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TALLINN, Nov 16, BNS – Investigators in the framework of a criminal investigation launched in the US regarding the money-laundering case of Danske Bank have also contacted large banks like Deutsche Bank, Bank of America and JPMorgan, which operated as correspondent banks of Danske's Estonian branch, Bloomberg reports.
Deutsche Bank AG and Bank of America Corp. have been contacted by US criminal investigators for information about transactions they handled for a small bank branch in Estonia, according to two people familiar with the matter.
According to Bloomberg, another person said that the Justice Department investigators have also asked questions about JPMorgan Chase's work with the branch.
The lenders, among the world's largest, were correspondent banks for the Estonian branch of Danske Bank that is the focus of multiple international investigations. The examination of whether the big banks gave appropriate scrutiny to the Estonian transactions is one aspect of a broader Danske Bank investigation being led by the US Justice Department in Washington and prosecutors from the Manhattan US attorney's office, Bloomberg reported.
The investigation is in its early stages, and there are no signs that the banks themselves are targets.
Danske Bank's Estonian operations may have been used to launder as much as 7 billion euros, which is more than twice as much as initially believed and which makes this one of the largest known money laundering incidents in Europe. The scandal is being investigated by Danske itself, the High Court of Paris, the Danish Financial Supervision Authority and the Estonian and Danish prosecutor's offices.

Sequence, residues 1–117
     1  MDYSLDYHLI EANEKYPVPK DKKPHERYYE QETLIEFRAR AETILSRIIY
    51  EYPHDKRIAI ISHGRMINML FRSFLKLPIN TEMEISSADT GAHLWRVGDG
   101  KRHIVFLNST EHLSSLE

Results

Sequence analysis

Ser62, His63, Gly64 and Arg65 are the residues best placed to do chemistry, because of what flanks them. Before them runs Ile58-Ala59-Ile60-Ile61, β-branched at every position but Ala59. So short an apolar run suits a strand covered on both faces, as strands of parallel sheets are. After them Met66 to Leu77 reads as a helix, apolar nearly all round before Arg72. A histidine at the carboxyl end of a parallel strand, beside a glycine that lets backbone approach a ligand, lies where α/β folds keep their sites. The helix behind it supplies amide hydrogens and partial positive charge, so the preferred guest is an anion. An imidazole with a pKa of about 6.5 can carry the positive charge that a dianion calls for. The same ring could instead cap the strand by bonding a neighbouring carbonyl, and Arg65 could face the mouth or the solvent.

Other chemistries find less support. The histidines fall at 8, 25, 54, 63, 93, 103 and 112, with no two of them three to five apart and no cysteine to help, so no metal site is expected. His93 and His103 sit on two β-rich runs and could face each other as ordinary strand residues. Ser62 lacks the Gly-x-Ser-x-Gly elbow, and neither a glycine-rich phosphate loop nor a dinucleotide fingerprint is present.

An audit ordered by Danske Bank, which dealt with the activities of the bank's Estonian branch from 2007 to 2015, showed that the bank's non-resident customers moved over 200 billion euros. The audit identified that most of the 10,000 non-resident customers of the bank's Estonian branch were suspicious and it is likely that most of the transaction flow of the bank was also problematic. In relation to the suspicious activities, Danske has reported eight former employees to the Estonian police and 42 employees and agents have been deemed to have been involved in some suspicious activity.
Bill Browder, British businessman and former employer of Russian lawyer Sergei Magnitsky, on July 25 filed a new complaint to the Estonian prosecutor's office, in which he asked for a criminal investigation to be launched against 26 employees of the Estonian branch of Danske Bank who allegedly enabled the laundering of billions of dollars of dirty money through the bank. The prosecutor's office launched criminal proceedings a week later.